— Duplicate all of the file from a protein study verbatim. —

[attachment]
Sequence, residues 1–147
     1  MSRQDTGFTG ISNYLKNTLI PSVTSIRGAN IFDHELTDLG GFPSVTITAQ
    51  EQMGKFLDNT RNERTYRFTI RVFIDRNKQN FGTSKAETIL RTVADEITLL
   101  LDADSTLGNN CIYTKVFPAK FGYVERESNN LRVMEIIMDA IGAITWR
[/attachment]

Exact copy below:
Sequence, residues 1–147
     1  MSRQDTGFTG ISNYLKNTLI PSVTSIRGAN IFDHELTDLG GFPSVTITAQ
    51  EQMGKFLDNT RNERTYRFTI RVFIDRNKQN FGTSKAETIL RTVADEITLL
   101  LDADSTLGNN CIYTKVFPAK FGYVERESNN LRVMEIIMDA IGAITWR